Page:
“Yidden, a fire is burning,” the Yetev Lev of Sighet cried out on the night of Kol Nidrei. “Extinguish it with your tears,” he pleaded.
After a year of much suffering, when so many in our community continue to grapple with extraordinarily difficult challenges, there will be no shortage of tears this Yom Kippur.
But as we prepare to drench our machzorim with our tears — or watch with envy as our elders do so — let us also take a moment to recognize the source of our emotions.
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Chazal (Chagigah 15) tell us the heartbreaking tale of Acher. Born Elisha ben Avuya, he reached enormous heights in Torah knowledge and was the teacher of the great Tanna Rabi Meir. But tragically, he lost his bearings and plummeted to the deepest levels of sin and evil. He was known from then on as “Acher” — the “other” one.
When Rabi Meir pleaded with him to return to the true path, he repeatedly declined. The reason he gave was striking. He did not attempt to deny that this would be the right thing to do. Rather, he claimed that for him it was too late. For he had heard a voice from Up High: Shuvu banim shovavim, “Return, my wayward children — except for Acher.” Since all avenues for his return were closed, his repentance would not be accepted in any case.
The Apta Rav and other Chassidic masters assure us that it is inconceivable to think that Acher’s teshuvah would not have been accepted. Lo yidach mimenu nidach — every single Jewish soul, regardless of how far it has strayed or how low it has sunk, can return to Hashem.
So what then was the message that Acher heard?
It actually was more what he didn’t hear.
On each day a bas kol emanates from Shamayim saying “Shuvu banim shovavim.” The Ribbono shel Olam, our beloved Father and benevolent King, calls to us to return. Each of us “hears” this call in a different way and at a different time. For some it is a conscious urge to change our direction. For others it lurks deep under the surface, and we hardly realize that we have been inspired. It might be through a powerful drashah of a Rav or a casual comment of a friend.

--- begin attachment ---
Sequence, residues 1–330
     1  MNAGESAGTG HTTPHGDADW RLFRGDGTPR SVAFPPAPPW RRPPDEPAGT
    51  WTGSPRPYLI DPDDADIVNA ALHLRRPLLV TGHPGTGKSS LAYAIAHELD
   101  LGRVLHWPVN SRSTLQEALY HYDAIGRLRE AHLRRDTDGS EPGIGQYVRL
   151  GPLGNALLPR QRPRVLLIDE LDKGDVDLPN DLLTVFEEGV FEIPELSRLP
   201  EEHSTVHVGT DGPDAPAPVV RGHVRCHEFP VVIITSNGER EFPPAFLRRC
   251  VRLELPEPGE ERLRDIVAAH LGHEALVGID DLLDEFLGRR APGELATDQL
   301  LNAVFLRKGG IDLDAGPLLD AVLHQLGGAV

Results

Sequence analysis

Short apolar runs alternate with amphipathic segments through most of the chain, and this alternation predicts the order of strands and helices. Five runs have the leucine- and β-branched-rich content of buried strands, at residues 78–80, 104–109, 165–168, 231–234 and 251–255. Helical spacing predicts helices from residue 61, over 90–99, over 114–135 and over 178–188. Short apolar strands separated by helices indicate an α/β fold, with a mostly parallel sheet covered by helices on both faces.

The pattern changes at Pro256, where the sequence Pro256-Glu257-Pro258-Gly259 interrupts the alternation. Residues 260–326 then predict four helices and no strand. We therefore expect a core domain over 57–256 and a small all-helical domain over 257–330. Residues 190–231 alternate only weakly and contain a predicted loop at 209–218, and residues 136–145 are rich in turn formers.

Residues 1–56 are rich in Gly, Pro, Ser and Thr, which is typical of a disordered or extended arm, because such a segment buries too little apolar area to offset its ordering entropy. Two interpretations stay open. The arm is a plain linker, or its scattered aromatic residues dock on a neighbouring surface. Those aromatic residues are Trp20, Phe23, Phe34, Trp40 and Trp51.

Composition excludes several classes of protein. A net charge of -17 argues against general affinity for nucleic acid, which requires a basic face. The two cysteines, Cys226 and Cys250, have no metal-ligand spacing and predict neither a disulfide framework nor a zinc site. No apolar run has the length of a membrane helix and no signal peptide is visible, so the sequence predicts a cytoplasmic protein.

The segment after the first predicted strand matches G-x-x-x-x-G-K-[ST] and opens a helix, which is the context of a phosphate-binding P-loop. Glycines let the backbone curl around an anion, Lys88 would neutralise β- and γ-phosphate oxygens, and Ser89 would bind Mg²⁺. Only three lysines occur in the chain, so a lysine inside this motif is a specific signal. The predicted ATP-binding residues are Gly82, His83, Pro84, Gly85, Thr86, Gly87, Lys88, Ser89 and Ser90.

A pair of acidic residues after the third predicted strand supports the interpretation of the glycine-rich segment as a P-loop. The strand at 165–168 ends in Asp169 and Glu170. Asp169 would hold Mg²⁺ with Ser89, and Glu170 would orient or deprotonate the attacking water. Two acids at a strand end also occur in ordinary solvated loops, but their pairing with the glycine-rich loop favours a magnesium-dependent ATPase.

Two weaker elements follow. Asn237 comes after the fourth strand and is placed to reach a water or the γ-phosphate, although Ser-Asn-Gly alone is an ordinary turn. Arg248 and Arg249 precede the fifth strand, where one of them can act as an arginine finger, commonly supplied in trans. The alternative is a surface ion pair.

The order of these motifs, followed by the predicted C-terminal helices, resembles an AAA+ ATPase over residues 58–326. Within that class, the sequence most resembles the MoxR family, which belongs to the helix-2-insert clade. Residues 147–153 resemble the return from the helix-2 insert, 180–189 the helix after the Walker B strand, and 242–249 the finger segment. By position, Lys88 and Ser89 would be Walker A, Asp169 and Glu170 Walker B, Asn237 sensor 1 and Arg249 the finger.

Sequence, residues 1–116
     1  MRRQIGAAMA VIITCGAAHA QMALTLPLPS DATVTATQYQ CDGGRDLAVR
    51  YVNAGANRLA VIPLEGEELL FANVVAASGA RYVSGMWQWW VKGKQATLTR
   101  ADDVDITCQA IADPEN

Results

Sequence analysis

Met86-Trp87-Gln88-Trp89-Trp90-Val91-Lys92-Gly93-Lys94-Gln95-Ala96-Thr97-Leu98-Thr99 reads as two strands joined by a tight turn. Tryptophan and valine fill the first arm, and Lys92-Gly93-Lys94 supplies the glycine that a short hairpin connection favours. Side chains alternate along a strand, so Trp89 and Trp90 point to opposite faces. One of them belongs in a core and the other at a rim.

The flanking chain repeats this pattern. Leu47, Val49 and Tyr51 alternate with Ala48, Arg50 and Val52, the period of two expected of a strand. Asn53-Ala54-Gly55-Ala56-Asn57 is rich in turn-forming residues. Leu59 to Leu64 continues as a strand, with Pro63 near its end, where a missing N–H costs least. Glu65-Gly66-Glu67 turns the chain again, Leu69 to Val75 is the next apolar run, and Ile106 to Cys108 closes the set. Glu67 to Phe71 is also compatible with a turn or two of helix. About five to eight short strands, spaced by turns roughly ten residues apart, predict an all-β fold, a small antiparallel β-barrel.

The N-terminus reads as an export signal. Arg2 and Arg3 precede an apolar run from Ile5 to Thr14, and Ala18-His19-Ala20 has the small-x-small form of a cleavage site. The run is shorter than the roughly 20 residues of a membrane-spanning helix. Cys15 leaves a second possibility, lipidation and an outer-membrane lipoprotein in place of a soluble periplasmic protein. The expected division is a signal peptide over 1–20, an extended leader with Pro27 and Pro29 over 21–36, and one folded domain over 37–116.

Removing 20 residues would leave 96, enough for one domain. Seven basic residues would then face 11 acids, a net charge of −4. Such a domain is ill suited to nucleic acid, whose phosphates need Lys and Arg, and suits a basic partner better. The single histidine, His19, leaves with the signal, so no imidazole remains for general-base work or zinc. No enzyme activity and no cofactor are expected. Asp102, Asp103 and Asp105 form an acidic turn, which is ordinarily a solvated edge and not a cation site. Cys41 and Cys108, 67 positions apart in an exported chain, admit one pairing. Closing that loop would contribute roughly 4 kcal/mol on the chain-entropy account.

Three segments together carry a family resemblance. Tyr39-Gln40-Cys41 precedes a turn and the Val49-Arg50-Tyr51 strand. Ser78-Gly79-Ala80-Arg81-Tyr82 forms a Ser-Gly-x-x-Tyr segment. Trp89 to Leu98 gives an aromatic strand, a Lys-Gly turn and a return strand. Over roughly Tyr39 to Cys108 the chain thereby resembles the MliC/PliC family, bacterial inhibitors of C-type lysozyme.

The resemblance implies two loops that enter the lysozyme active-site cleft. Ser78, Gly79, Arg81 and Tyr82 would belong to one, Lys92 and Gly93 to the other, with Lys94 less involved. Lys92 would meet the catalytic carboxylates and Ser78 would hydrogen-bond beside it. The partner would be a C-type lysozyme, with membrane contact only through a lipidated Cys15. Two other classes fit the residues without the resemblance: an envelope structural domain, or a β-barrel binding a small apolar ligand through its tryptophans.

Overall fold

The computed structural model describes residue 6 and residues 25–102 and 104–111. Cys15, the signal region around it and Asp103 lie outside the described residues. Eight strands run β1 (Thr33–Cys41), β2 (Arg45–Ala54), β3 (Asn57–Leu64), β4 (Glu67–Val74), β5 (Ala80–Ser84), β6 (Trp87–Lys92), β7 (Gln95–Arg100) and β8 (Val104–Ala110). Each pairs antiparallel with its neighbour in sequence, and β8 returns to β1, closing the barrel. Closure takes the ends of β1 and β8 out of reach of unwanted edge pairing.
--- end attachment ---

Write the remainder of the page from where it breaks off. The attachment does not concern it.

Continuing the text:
All of us are constantly getting these calls and signals. Acher — because of his enormous sins — no longer merited to “hear” this call. Certainly he could have returned if he would have done so on his own, but he was no longer being reached out to.
Yom Kippur is a day filled with the call of the bas kol. It is a day in which the evil inclination does not have sway, a day in which the barriers between us and our Creator come tumbling down.
That is the real cause for our emotions and our tears. And in a way, this thought should also bring us great joy.
After all, doing teshuvah on Yom Kippur is a mitvzah, and a mitzvah has to be performed with joy.
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Among the many tales told of the Berditchever Rav on the night of Kol Nidrei is the time he inexplicably waited to approach the amud. The set time to begin had long passed, night had fallen and then some, but the Rebbe of Berditchev did not begin the ancient, powerful chant of Kol Nidrei.
Then a woman slipped quietly into the ezras nashim. Well aware of the lateness of the hour, she was certain that she had already missed most if not all the tefillah, and this thought was devastating to her.
Moments later, the Berditchever began Kol Nidrei. Realizing that she had not missed it after all, the woman was filled with an indescribable joy and deep gratitude to Hashem.
At the conclusion of Kol Nidrei the woman turned to the Ribbono shel Olam and said, “What shall I wish You in return for the good You did for me? I wish You to have nachas from Your children the way You gave me nachas from hearing Kol Nidrei.”
It was this heartfelt tefillah that the Rebbe had waited for. Her tefillah evoked enormous compassion in Heaven, and remains a lesson to all generations regarding our relationship to Hashem.
Let us make the most of these days of awe. As we prepare to usher in Shabbos Shuvah, let us listen carefully to the calls of return emanating from within our souls and from all around us, and rededicate ourselves to our personal relationship with our Creator.